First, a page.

A Grade Ammolite: This grade displays at least one colour. The intensity of the colour is moderate, however, in some cases, can display two colours.

AA Grade Ammolite: A very fine grade of Ammolite. This grade consists of two distinct colours of moderate to high intensity. This is a great investment grade of Ammolite and in some cases, may display a third colour.

AAA Grade Ammolite: This grade is the finest grade of Ammolite. It displays three distinct, well defined colours each at a high level of intensity. AA Grade Ammolite is the rarest grade, consequently, the most expensive. The characteristics of both A+ and AA Grade Ammolite are alluring and captivating.

Now we know the different grades of Ammolite. Let’s get specific about the colours. “The colours most commonly seen in Ammolite are red, orange, yellow, green, blue and purple. Prismatic colours in the full rainbow shown in the stone are highly regarded and sought after by gem collectors and enthusiasts due to their rarity. Each Ammolite stone is unique in brilliance, colour and pattern. It takes extensive training and practice before one can correctly grade Ammolite. Only 10% of the stones receive an A+ or AA grading. The stones are available in natural freeform or in calibrated doublets and triplets. Stabilized Ammolite is now also available. When synthetic spinel cap is placed over Ammolite, the hardness is doubled enabling it to be worn as everyday jewellery in rings, pendants and earrings.” Some of this information is provided by Donna Barson C.I.G, A.G.A, and Accredited Gemmologist. The hardness rating is based on the Moh’s scale. She also discusses the root of an Ammolite’s shine and origins of its colour(s), “Ammolite, like pearls has multiple thin layers which catch and reflect light. The iridescence that occurs is created by light interference and reflection from these layers. These gems owe their colour to the optical phenomenon that spread or cancel light waves and as such are known as Spectrochromatic as they are neither allochromatic (colours caused by impurities) nor are they idiochromatic. The Ammolite stones owe the originality of its colour(s) to its own chemical composition. Ammonites of the Cretaceous era had nacreous shells similar to those of the Nautilus. The colour is caused by the overlapping layers of aragonite held in the conchiolin and spaced to give spectral reflections from light penetrating one or two layers. In Ammolite, burial an alteration of conchicolin to limonite (the brown iridescent lines in ammolite) caused the aragonite layers to be compressed into a closer spacing resulting in the spectacular colours we see today. Conditions were optimim to “magically transform”Ammonite to Ammolite.”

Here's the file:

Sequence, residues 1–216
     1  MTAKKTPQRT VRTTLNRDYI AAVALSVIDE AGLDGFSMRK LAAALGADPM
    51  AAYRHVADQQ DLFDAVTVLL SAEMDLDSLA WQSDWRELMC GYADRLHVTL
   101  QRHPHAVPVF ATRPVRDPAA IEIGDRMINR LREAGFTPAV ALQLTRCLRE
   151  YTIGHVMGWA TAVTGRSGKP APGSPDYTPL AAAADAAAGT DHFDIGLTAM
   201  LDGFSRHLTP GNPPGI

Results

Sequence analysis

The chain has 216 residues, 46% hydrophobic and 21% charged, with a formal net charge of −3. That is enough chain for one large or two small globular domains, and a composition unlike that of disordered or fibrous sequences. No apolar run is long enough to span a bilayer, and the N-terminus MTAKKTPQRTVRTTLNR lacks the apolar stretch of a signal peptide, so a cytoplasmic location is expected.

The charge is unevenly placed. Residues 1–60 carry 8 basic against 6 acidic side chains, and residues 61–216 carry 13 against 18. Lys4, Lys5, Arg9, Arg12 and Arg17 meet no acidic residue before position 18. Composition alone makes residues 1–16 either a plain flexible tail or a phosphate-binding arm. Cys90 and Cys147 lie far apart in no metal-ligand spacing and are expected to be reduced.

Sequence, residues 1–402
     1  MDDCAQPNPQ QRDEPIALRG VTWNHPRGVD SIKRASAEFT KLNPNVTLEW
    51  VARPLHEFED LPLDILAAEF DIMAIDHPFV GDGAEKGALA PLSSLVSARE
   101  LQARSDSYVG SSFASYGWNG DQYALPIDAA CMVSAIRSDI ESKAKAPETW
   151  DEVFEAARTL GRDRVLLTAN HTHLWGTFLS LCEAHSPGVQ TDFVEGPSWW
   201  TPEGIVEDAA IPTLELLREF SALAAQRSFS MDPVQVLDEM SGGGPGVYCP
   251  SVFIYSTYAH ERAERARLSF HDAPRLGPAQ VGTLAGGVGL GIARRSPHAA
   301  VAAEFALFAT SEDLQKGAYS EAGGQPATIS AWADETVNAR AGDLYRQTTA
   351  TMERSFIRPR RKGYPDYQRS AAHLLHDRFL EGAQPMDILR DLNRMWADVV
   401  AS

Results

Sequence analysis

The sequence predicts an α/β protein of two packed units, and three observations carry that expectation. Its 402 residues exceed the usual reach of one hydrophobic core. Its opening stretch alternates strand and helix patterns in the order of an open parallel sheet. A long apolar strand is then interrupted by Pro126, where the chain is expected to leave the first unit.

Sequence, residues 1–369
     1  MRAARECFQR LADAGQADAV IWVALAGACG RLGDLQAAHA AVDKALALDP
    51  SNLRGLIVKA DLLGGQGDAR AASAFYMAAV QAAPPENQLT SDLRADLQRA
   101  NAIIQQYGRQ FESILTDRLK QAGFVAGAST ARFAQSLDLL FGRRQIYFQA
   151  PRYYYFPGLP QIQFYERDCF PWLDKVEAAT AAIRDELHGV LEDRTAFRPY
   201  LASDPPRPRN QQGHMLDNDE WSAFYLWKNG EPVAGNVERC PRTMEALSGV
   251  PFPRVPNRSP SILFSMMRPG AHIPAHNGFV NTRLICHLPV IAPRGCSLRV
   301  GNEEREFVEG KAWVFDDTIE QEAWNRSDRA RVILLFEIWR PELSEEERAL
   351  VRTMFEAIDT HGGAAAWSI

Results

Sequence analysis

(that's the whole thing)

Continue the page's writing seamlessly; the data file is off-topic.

Tip #2. No two Ammolite gemstones are the same. Each stone is as individual as its beholder. The beauty of the piece can only be judged by that beholder. Considering Ammolite comes from a fossil, it has its imperfections. It is up to you to distinguish the level of the jewellery piece’s attractiveness.

True Colours - True Ammolite